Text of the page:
There is no question that tooth 18 required removal, and I consider that the treatment plan proposed for this was appropriate. It is reasonable to delay the extraction of an impacted wisdom tooth until a gum infection around the tooth (pericoronitis) has resolved, because local anaesthetic is often less effective in the presence of inflammation or infection. It is also completely reasonable for a general dental practitioner to remove a tooth such as this one with local anaesthetic only.
Does the accidental damage to tooth 17 show a lack of reasonable care and skill on the part of [Dr B]?
In order to remove an impacted upper wisdom tooth, it is reasonable and normal practice to use dental elevators. Simply put, these are levers designed to loosen (subluxate) the tooth in its socket. This is normally done prior to final removal of the tooth by dental forceps. A lever requires a fulcrum to be able to generate force, and in this situation the elevator would have been placed between the 18 and 17, at about the level of the alveolar crest, with the 17 acting as the fulcrum, and the 18 moved backwards by a small rotational movement of the elevator.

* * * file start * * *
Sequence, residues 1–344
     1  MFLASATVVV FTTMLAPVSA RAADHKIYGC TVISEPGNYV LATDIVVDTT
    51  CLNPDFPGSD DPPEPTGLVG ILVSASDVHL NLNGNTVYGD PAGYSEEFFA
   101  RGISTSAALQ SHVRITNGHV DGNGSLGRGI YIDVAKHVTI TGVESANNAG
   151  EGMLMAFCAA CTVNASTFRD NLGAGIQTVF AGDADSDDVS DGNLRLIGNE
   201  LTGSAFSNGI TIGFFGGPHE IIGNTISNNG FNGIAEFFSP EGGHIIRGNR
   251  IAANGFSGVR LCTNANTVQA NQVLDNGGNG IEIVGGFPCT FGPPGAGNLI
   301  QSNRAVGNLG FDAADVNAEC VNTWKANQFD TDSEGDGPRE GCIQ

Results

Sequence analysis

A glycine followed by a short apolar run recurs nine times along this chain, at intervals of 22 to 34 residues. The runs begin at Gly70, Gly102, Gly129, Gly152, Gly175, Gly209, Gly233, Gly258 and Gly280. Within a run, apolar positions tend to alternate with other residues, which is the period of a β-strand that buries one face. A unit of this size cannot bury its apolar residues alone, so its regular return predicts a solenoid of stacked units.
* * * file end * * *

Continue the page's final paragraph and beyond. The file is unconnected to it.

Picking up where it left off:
An elevator can potentially generate considerable force, so it is important that any movement be controlled and limited, to minimize damage to the soft tissues in the area, and damage to the fulcrum area. If the operator is right-handed, the left hand will normally be used to stabilize the area, to protect the soft tissue structures in the area, and retract the cheek to allow adequate vision. It also helps to control unexpected movement by the patient.
I have examined the fractured tooth crown, and it is unfilled and free of dental decay, so it would have taken a substantial amount of force to fracture this tooth. In the normal course of events, that is if there was no unexpected movement by the patient, this could only happen if uncontrolled and excessive force was used to attempt to remove a tooth; in other words, tooth 17 could only have fractured if [Dr B] did not use reasonable skill and care.
However, [Dr B] states that [Mrs A] moved her head suddenly. If this was the case, the operator's left hand should have been able to control and limit any such movement.